Burning Man’s annual gathering in the Nevada desert has never been easy on people’s lungs. The fine dust and sand coats every surface and enters every crevice, often causing respiratory symptoms attendees refer to as “playa lung.” But COVID was also present on the playa this year, and just how much is just becoming clear now, as the cleanup begins.
Many of those dusty revelers who returned over the past week from the festival, which officially ended on Labor Day, are discovering their sore throats and slight coughs are not just the the normal symptoms after a particularly hot and dusty week of partying — it is also COVID in many cases.
“The party is over, and now the cleanup has begun,” said Dan Abbott, a former Bay Area resident and long-time Burning Man participant, “and people are getting sick.”
Burners walk and ride on the Playa during Burning Man at Nevada’s Black Rock Desert, in Black Rock City, Nev., on Sunday Aug. 28, 2022. (Andy Barron/The Reno Gazette-Journal via AP)
There are no official numbers on how many festivalgoers became infected. But many attendees have posted on Twitter and Reddit that they tested positive during the exodus, or a few days after getting home. Some left early after testing positive, and a few threads in the Burning Man community on reddit encouraged those returning from the festivities to test themselves, as the ranks of those testing positive in the days after grows.
Yikes. Almost everyone I know who went to Burning Man is coming back with COVID. BA.5 really only needs you to speak closely to someone whether you are outside or not.
— Lauren Hudgins (@lehudgins) September 6, 2022
“What do you expect when you put 80,000 people together over an extended period of time? You expect lots of cases,” said John Swartzberg, clinical professor emeritus of infectious diseases and vaccinology at UC Berkeley’s School of Public Health. He says that based on what we know about other respiratory viruses, the damage caused by the dust at Burning Man might also increase the risk of getting COVID.
Abbott and hundreds of others are still in the desert cleaning up from the event. They work for several weeks on either end of the official event while employed by the organization to help set up and break down Black Rock City, the temporary city erected in the desert.
Abbott understands why many of the 80,000 festival goers let their guards down for the event, which was officially cancelled the previous two years because of the pandemic.
“A lot of people are just tired of being worried all the time,” Abbott said last week, but he took “extreme caution,” and has avoided infection so far. Not all of his friends and fellow workers are so lucky, “a lot of our long-term people are down for the count right now.”
Dominique Debucquoy-Dodley, a spokesperson for the Burning Man Project said the organization has “seen reports from participants and camps that some people are apparently testing positive now.”
The organization did not provide numbers for how many reports of positive cases they received, or how many participants were treated for COVID by the medical team. But, he said, “the numbers don’t seem extraordinary.”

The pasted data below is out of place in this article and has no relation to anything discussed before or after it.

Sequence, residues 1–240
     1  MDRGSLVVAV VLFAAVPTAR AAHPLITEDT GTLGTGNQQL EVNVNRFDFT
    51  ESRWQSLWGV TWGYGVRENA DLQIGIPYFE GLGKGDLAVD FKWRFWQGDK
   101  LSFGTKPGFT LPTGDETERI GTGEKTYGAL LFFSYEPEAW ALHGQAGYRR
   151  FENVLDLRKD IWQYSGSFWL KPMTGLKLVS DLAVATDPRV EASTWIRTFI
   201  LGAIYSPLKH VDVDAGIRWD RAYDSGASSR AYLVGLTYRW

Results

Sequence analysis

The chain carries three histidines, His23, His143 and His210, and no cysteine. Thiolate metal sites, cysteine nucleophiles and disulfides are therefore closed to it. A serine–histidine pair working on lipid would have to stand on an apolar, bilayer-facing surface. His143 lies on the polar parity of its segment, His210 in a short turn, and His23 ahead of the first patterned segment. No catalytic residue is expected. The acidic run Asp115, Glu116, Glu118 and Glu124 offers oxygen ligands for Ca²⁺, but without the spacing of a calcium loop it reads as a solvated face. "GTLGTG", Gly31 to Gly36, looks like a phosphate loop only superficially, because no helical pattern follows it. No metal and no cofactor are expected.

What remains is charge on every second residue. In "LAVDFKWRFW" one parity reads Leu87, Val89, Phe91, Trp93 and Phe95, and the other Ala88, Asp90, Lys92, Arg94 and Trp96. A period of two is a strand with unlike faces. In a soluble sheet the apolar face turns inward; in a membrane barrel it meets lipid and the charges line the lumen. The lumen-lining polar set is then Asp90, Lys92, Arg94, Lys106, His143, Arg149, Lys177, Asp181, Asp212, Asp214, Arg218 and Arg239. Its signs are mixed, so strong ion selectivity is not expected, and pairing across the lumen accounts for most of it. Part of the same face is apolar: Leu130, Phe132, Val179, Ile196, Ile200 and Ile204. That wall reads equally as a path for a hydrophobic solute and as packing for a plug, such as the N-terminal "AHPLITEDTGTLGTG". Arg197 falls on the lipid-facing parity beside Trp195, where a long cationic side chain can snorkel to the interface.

Before the event, the organization posted on its website that “there will not be any health or COVID-19-related entry requirements for Black Rock City this year.
While they encouraged participants and camps to enforce their own rules, some attendees think the organization could have done more to prevent the spread of the virus, and some complained they bought tickets under the impression there would be an official health check.
We have had a large number of people who went to Burning Man test positive for Covid. Some with symptoms but many without.
If you went, it would be a good idea to get tested. #COVID #BurningMan2022 #burningmanfestival
— JWINCTesting (@JWINCTesting) September 8, 2022
“We shared guidance for all participants to help minimize the risk of contracting and spreading COVID-19 at the event,” said Debucquoy-Dodley.
While COVID’s fatality rate has dropped significantly, and most vaccinated people have mild illnesses, getting sick on the playa is no joke. “It’s hard for a staffer who is stuck with a contagious disease at a big libertarian kissing festival with no running water,” Abbott said.
Even for those who are trying to be safe, extreme conditions made it harder. Tim Holt, from Corvallis, Oregon, got to the playa early, a week before the even officially started on August 28, to help to set up his camp of about 70 people, including many from the Bay Area. A week after arriving he started feeling off, but chalked it up to the heat, dust, and his asthma after several days with the event in full swing. By Friday, Sept. 2, he took a rapid test, and it showed positive immediately.
This image provided by Maxar Technologies on Aug. 29, 2022 shows center camp and rods ring road at the Burning Man Festival in Black Rock City, Nev. (Maxar Technologies via AP)
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“I conferred with a few of the camp leads and it made a lot of sense for me to pack up and leave,” he said in an interview, a week after his positive test. He left that night in whiteout dust storm conditions. “Not only did I not want to get others sick, but I really didn’t want to get sicker there,” he said.
Holt’s camp took some precautions, including a vaccination requirement, and despite having some shared areas for dining it wasn’t a “cuddle-puddle type of camp.” In the days since getting home he said he has heard of a dozen people from his camp who tested positive.
Abbott and many others lament the outcome, but he said he didn’t know how much the organization can do. “The participants’ behavior is largely what has led to a difficult situation for the workers,” he said.